Full name Frederick Charles Holland
Born February 10, 1876, Battersea, London
Died February 5, 1957, Crystal Palace, London (aged 80 years 361 days)
Major teams Surrey
Batting style Right-hand bat
Bowling style Right-arm slow
|First-class span||1894 - 1908|
Fred Holland played as a batsman for Surrey from 1894 to 1908, scoring 10,384 runs, including 12 centuries, average 25.57. Encouraged by his seven elder brothers, he played cricket from the early age of three, and when 17 joined The Oval ground staff. Of graceful style, he showed to special advantage in cutting and hitting to leg, and he was also a very good short slip.
He made his debut as an 18-year-old in 1894 and the following year became a regular in the side, making a career-best 171 against Cambridge University at The Oval, when he and Bobby Abel (165) added 306 for the third Surrey wicket.
In 1896 he hit three hundreds, and after losing his place in 1897, he bounced back in 1898 to enjoy his best summer, passing 1000 runs for the first of four occasions. He again was in the doldrums in 1899, playing only four times, but in 1900 he was back in the side although he only managed 571 runs in 20 games. The in-out form continued - after a good 1901 he made only seven appearances in 1902, but from 1903 until he was released at the end of 1908, he commanded a regular place without doing anything spectacular. Undoubtedly, while he was not prolific with the bat, his excellent slip catching helped keep him his place.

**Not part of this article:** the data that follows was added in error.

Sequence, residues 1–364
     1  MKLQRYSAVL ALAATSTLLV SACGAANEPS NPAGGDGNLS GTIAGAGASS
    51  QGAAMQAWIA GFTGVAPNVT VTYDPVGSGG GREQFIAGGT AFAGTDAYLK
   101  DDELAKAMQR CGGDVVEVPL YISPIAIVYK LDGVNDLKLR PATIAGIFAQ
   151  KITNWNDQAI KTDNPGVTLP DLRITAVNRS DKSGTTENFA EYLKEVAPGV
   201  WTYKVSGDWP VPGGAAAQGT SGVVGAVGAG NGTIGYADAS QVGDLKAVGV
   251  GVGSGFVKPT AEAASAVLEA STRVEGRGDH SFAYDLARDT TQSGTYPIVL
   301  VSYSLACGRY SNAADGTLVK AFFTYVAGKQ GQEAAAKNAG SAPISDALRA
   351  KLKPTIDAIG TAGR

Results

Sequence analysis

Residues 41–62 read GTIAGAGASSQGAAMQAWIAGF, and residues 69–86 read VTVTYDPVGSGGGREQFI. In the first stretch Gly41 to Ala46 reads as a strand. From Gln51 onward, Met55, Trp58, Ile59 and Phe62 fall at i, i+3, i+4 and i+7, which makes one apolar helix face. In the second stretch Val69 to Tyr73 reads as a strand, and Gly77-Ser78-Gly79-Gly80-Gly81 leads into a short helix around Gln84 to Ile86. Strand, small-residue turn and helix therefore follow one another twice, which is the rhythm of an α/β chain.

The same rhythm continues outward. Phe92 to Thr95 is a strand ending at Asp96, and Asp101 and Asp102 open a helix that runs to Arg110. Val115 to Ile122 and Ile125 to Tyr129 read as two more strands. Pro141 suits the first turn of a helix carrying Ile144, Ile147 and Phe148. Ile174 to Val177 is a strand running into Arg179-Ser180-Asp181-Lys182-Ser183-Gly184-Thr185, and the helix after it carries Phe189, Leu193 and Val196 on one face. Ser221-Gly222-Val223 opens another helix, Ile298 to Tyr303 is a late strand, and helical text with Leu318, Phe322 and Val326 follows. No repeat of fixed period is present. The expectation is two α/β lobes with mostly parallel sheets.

Following his retirement from first-class cricket, he became coach at Oundle.
Papua New Guinea's attractive team kit at the World T20 Qualifier, cool cap included, caught our attention. What's your favourite of them all?
On Sunday, Tillakaratne Dilshan became the 11th batsman to score 10,000-plus ODI runs. Here are the key numbers from his ODI career
Former Australia fast bowler Damien Fleming on bowling in thrilling World Cup semi-finals, mastering the subcontinent, and taking on Tendulkar
The failure of anyone other than Chris Rogers to cope with the conditions at Edgbaston was another worrying sign of Australian fallibility abroad
Quite a few of England's players over the years have been born outside England. Do you know where?
Australia's selectors and management have been accused of being too harsh on Brad Haddin but the team's horrible display at Edgbaston suggests that they may actually have been too lenient, and not just on him
Since the beginning of 2012, Ian Bell averages 34.69 when batting in the top six; among regular top-order batsmen, only Shane Watson has a lower average
Death of a Gentleman exposes how neo-liberal economics threatens the game, while also hinting at worse lying beneath the surface, leaving you feeling disillusioned and angry
What makes this innocuous-seeming bowler so difficult to handle?
Should he be dropped from the one-day squad to Zimbabwe, it will be the latest chapter in the wicketkeeper's strained relations with the authorities in particular